Tuesday, March 20, 2018

How resistant is Bitcoin to government regulation?

Excavated from the drafts folder. I composed this in December 2017 (although I can't prove it) and I am publishing it now because recent news has rendered the postscript timely.

Bitcoin depends on the following three types of infrastructure:

  • Semiconductor fabrication plants.
  • Electric power plants.
  • Transoceanic fiber-optic Internet cables.

It depends on the first two of these to an unusual extent; the third simply comes along for the ride because Bitcoin is a global Internet-connected system.

You can't access these things, or the stuff that comes out of them, when governments really don't want you to, because they are big, expensive works of physical infrastructure. A government, or coalition of governments, with sufficient motivation and resources could introduce regulation upstream or downstream of any of these choke points that simply makes further Bitcoin mining non-viable.

"The Internet interprets censorship as damage, and routes around it" is true only up to a point. It is instructive to compare Bitcoin with child porn, a category of online activity that most governments are already highly motivated to stop. Governments have mostly succeeded in eliminating it from the non-darknet parts of the Internet; even sites like 4chan, which revel in their own transgressiveness, aggressively police child porn, because these sites run on servers that sit in datacenters in the physical world that are governed by laws just like everything else. Those servers are hooked up to the power grid and connected to the Internet by physical wires that belong to some utility. To maintain these connections, money changes hands, and a paper trail is generated that ultimately leads to the server operators. If you decide to be a badass rebel and distribute child porn under these conditions, you are looking forward to jail time.

It is true that child porn exchange still occurs online, but it occurs mostly on obscure systems that are specifically designed to be censorship-resistant at the expense of widespread availability. Bitcoin could be shut down or marginalized just as easily (where "marginalized" simply means that it is used as a transaction processing system only in highly unusual circumstances, rather than as a pillar of the economy).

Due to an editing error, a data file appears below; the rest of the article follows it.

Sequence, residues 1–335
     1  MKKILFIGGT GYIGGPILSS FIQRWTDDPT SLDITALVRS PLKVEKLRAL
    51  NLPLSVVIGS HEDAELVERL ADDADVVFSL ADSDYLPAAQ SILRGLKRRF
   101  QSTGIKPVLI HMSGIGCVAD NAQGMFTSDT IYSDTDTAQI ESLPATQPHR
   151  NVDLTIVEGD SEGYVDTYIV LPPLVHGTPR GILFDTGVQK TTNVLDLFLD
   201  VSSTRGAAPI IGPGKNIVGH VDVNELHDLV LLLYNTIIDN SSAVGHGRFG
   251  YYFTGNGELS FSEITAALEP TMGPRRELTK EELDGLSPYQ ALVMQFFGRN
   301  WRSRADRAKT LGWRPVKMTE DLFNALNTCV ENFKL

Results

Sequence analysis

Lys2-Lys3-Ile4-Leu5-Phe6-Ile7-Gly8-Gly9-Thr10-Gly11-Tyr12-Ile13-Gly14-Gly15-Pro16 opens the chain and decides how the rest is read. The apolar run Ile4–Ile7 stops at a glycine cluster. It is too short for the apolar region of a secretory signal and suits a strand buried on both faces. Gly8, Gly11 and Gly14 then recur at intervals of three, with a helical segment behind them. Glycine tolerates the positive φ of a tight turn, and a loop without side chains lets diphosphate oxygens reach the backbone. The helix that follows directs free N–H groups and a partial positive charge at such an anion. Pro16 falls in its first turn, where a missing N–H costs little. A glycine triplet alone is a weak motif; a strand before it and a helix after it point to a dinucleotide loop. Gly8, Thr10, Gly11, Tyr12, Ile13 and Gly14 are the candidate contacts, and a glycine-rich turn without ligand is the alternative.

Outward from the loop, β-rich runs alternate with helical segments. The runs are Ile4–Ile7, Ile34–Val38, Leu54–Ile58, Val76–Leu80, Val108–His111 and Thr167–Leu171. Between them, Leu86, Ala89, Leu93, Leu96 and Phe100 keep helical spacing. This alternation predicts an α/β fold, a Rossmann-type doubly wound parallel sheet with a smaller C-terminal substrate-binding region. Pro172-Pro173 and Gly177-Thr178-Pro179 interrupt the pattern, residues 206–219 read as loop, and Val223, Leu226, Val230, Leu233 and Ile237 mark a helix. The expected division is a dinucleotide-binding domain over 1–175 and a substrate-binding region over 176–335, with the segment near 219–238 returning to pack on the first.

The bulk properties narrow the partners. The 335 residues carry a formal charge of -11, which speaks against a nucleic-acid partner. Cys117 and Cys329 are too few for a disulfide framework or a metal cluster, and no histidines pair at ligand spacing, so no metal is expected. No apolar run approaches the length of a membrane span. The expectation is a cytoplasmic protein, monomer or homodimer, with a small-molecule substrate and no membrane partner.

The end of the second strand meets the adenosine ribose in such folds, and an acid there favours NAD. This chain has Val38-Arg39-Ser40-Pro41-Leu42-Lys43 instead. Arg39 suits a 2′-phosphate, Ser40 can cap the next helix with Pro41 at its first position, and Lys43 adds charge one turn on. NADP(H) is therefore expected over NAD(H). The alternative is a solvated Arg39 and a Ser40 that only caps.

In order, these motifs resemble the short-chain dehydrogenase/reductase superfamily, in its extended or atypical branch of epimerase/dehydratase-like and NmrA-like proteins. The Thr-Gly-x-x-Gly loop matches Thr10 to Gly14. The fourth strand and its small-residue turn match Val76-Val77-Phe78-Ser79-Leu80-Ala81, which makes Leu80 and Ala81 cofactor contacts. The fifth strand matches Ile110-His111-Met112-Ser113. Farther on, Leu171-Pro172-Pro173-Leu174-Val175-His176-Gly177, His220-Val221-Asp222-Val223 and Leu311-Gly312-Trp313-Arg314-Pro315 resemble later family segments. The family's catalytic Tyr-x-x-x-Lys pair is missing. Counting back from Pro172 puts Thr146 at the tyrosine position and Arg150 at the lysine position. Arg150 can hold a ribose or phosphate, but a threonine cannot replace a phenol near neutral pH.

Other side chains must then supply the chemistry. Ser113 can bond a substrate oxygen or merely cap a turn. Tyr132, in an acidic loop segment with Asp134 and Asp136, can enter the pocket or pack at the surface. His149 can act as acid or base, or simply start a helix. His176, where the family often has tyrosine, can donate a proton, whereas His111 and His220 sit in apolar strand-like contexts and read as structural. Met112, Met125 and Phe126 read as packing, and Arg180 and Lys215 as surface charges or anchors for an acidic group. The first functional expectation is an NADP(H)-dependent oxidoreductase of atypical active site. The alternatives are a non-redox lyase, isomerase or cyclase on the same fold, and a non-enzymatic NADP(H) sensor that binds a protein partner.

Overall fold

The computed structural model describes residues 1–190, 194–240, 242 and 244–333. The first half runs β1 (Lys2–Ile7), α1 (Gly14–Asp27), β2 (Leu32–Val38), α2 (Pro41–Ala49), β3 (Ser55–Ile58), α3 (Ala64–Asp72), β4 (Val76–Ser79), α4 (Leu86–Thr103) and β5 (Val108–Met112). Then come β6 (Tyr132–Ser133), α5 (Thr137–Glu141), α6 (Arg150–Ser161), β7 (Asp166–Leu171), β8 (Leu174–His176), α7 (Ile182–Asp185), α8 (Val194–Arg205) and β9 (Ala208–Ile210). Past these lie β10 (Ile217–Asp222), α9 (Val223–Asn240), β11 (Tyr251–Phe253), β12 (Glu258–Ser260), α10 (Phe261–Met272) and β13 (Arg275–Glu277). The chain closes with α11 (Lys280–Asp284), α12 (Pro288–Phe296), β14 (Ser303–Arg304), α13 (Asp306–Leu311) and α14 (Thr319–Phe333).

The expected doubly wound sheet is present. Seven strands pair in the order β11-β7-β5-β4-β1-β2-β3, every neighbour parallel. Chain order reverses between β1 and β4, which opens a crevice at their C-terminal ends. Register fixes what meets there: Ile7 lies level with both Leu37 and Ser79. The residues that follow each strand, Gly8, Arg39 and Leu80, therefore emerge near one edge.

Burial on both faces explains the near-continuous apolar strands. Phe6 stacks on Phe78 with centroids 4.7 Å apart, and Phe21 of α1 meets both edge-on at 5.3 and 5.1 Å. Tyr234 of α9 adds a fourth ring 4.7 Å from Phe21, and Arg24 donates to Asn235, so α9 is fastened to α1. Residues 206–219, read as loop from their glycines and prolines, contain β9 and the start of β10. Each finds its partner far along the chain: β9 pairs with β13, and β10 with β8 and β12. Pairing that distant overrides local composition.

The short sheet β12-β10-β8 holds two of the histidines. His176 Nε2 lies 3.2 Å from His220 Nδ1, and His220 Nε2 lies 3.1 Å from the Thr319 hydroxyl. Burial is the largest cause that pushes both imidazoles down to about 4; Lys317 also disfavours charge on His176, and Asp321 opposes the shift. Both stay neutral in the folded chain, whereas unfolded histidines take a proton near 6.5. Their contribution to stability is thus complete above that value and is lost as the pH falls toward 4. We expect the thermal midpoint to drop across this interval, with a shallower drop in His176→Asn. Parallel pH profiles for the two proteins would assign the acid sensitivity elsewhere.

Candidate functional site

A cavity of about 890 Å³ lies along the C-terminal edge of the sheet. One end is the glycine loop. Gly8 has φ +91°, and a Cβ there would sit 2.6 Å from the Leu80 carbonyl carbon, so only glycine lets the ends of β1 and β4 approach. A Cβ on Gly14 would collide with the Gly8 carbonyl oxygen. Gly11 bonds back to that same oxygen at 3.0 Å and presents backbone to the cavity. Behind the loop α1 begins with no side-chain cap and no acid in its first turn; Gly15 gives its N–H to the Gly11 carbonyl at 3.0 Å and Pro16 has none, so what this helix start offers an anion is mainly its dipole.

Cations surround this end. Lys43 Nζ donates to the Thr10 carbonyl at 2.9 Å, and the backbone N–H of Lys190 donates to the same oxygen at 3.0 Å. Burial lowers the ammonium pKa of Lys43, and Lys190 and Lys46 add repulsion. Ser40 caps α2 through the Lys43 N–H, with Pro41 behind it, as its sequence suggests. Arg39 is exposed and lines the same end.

In fact, it could be shut down much more easily. The resource cost to produce and distribute child pornography is nearly fixed: the size of a collection of digital imagery is essentially constant, and can be produced and distributed with extremely modest equipment. Basically, individual criminals can sustain a cottage industry indefinitely. By contrast, the exponentially increasing computational power demands of Bitcoin make it particularly vulnerable to regulation. If you cannot get your hands on an ever-increasing supply of semiconductor chips and electricity, you cannot mine Bitcoin, at least not at the scale that today's largest miners operate. Bitcoin mining is not a cottage industry; it is a large-scale industrial process, with datacenters as the factories. Large capital equipment is inherently easy to regulate. And replacing all of today's gigantic mining operators with small-scale, individual miners suffers from economic and engineering problems similar to those that you'd confront if you tried to replace a Google datacenter with ten million mobile phones (let alone trying to do that while dodging mining regulations).

Bitcoin has not been regulated because governments mostly do not care enough to regulate it (yet). The starry-eyed anarchist fever dreams of the most anti-statist libertarian early Bitcoin proponents were always total fantasies. If Bitcoin does not fail completely, then either it will be tamed into just another boring part of the existing world financial system, or else governments will wake up and cripple it.

p.s. Incidentally, since it is possible to encode data on the Bitcoin blockchain, an attacker with sufficient motivation and resources could save an instance of child pornography on the blockchain. Since every node maintains a copy of the entire blockchain, and Bitcoin lacks the ability to erase transactions, the entire Bitcoin network would be transformed at a single stroke into a child porn distribution system, rendering all Bitcoin node operators criminals. This might cost an incredible amount of money — millions of dollars to stash a single image of a few KB — but once done, it would irrevocably taint Bitcoin forever. This is an aspect of Bitcoin that is obvious on inspection, yet almost never discussed.

p.p.s. It happened.

This post closed to comments because Bitcoin attracts an unusually high ratio of vocal kooks.